Blackcurrants and the gastro-intestinal running puzzle - new data that changes the game

    on September 20, 2023

    US-based Laurel Walker (left) is an elite mountain athlete, ultra-runner and this month's guest blogger.  With GI stress one of the main issues facing ultra-runners competing in the heat, she reflects on the CurraNZ research and her own experience of using the product for this common problem. 

    According to a 2017 presentation (1) at the Western States 100 Mile Endurance Run by CTS endurance coach, Jason Koop "gastric distress is the leading cause of DNF [did not finish] in ultra-endurance sports.”

    If you run ultramarathons, this won’t surprise you and, if you’re like me, gastro-intestinal (GI) distress is one of those pesky factors that consumes your race prep and strategy.

    You’ve tried everything from liquid calories, to heaps of mashed potatoes, and everything in between. Your crew is sick of making ramen and dealing with the aftermath of your attempted feasting at each aid station. 

    One of the reasons I love ultrarunning is that it is like a puzzle; there are many pieces that need to fit together in order to have a successful race.

    The physical act of running often takes a back seat and things such as a meticulous fueling plan, blister care and cooling strategies are front and center. 

    Of each of these puzzle pieces, the fueling plan is generally the biggest focus, because if your gas tank is empty, you won’t be getting very far.

    Add in extreme weather, targeted marketing from nutritional companies, and the myriad of dietary styles buzzing around the community right now, and fueling can become an overwhelming and seemingly impossible topic. 

    Let's take a second to dig a bit deeper into fueling, particularly in the heat.

    Many well-known ultramarathons, such as the Western States 100 Mile Endurance Run, Javelina Jundred and Badwater 135, take place in the heat of the summer. Heat adds another challenging factor on top of the already tough act of eating and running during any endurance event.

    Digesting food tends to become more difficult in the heat because the majority of our blood supply is focused away from the stomach and concentrated on muscle function and cooling our bodies (sweating). Focused training in hot weather, as well as training with the fuel and hydration you'll use on race day, can help a lot, but still does not guarantee a happy belly.

    As you can imagine, or may have experienced yourself, many ultramarathoners are still plagued by stomach issues despite attempts at specific fueling training plans. 

    Luckily, CurraNZ just might be able to help.

    CurraNZ is the award-winning all-natural blackcurrant supplement that is starting to make a splash in the trail and ultrarunning community across the globe.

    World-class ultrarunners such as Hayden Hawks and Ruth Croft are already backing the product for its recovery and performance benefits. 

    Blackcurrants are rich in anthocyanin, a chemical compound found in dark colored fruit, particularly berries. These compounds have demonstrated benefits including reduced fatigue, enhanced recovery and anti-inflammatory properties.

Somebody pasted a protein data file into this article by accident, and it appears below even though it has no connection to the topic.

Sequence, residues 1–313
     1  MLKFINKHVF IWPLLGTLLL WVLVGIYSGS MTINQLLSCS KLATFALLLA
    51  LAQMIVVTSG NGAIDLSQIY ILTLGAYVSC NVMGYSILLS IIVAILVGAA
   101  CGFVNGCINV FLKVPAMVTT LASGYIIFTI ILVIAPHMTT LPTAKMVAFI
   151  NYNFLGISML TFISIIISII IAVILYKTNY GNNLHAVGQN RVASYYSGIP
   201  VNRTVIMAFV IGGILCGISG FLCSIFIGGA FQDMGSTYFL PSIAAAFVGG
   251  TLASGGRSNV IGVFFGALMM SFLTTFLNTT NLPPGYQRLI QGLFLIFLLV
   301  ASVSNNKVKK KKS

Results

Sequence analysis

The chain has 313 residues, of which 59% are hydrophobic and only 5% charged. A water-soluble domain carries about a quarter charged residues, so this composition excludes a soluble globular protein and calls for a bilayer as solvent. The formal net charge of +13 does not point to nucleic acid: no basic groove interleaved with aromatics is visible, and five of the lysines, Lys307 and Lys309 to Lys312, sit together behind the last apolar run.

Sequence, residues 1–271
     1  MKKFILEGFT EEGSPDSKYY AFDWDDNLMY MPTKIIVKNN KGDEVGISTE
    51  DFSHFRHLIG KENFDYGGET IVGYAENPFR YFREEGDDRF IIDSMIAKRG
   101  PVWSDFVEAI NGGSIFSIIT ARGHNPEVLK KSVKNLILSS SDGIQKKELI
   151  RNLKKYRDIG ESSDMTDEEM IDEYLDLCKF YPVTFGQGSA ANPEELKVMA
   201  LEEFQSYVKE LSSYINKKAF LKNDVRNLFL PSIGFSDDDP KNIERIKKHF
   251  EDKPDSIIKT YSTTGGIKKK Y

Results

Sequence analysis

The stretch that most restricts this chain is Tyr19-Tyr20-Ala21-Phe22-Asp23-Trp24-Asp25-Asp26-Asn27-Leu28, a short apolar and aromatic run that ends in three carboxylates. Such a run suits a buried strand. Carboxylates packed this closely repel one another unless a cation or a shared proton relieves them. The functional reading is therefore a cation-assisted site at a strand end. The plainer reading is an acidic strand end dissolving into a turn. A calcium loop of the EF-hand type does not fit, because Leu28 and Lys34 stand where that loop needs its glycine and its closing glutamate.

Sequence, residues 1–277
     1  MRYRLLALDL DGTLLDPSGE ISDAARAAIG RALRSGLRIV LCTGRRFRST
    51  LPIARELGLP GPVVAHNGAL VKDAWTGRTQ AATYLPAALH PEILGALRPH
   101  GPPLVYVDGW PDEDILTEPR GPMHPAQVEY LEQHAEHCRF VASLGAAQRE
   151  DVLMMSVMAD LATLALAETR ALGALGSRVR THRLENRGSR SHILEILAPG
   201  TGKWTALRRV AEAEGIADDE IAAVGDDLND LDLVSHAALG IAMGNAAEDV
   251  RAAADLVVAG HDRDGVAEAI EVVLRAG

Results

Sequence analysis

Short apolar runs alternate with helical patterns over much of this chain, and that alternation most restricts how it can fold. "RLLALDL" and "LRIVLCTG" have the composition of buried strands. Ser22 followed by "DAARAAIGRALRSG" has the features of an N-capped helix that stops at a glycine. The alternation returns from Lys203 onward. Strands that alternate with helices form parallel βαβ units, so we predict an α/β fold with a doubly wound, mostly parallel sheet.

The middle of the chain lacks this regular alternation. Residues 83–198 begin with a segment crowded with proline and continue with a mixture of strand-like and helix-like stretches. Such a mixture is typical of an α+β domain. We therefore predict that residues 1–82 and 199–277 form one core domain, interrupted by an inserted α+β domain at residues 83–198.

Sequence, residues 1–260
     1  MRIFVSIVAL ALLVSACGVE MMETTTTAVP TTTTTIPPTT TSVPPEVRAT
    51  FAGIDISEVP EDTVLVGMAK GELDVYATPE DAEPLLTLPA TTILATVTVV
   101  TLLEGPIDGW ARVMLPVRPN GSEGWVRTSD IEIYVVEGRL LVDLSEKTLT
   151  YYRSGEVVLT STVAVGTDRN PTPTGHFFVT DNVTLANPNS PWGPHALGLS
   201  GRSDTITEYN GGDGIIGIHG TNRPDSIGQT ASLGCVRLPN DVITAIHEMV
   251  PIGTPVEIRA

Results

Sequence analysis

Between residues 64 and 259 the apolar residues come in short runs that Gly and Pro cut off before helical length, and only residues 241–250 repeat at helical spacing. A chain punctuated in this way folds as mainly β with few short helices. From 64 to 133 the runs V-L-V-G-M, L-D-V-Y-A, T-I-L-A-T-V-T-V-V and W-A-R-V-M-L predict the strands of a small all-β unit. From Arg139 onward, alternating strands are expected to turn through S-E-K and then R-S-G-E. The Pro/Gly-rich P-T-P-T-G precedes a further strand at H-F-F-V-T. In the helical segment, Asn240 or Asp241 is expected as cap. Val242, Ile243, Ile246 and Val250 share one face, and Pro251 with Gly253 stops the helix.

However, for the purposes of this article, we are interested in how it can help reduce stomach issues, particularly in the heat.

    One particular study (2) looking at the effects of CurraNZ on GI functionality, found that a  7-day trial of 600mg/day of the anthocyanin-rich extract sufficiently reduced stomach permeability and damage to intestinal cell wall lining, commonly referred to as Leaky Gut.

    Leaky gut is the common term that you might have heard for damaged intestinal cell wall linings causing permeability.

    Our intestinal wall linings are designed to absorb water and nutrients from our food, but when they become damaged, they can let toxins into our bloodstream and make us feel sick. As you can imagine, if you are already having a difficult time eating while running, these symptoms only make it worse. 

    A second study (3), which focused specifically on the effects of CurraNZ on GI function in the heat, showed a 50% reduction in upper and lower GI distress symptoms, as well as a 25% reduction in other GI related symptoms like nausea, stitch and dizziness.

    While there is always more research to be done, these results are promising and exciting for ultrarunners!

    With my own personal experience, I've been impressed with the reduction in stomach upset symptoms I've noticed both during and after my training sessions since starting to take CurraNZ.

    If you're an ultrarunner or endurance athlete of any type, I'd encourage you to give CurraNZ a try, especially if you are training and racing in the heat. I think you'll be happy you did. 


    1. Koop, Jason (2017). Ultrarunning Training Presentation from 2017 Western States Endurance Run.

    2. Lee, B. J. , Flood, T. R. , Hiles, A. M, Walker, E.F., Wheeler, L. EV, Ashdown, K. M, Willems, M. ET, Costello, R., Greisler, L.D, Romano, P.A., Hill, G.W., Kuennen, M.R., Anthocyanin-rich blackcurrant extract preserves gastrointestinal barrier permeability and reduces enterocyte damage but has no effect on microbial  translocation and inflammation after exertional heat stress (2022). Accepted version International Journal of Sports Nutrition and Exercise Metabolism. 1-29. 

    3. Willems, M.ET., Hiles, A.M., Flood, T. R., Wheeler, L. EV. Ashdown, K. M., Kuennen, M. R., Lee, B. J. , Anthocyanin-rich New Zealand blackcurrant extract reduces running-induced gastro-intestinal symtpons in the heat. (2022). Released at ISSN, June 17, 2022.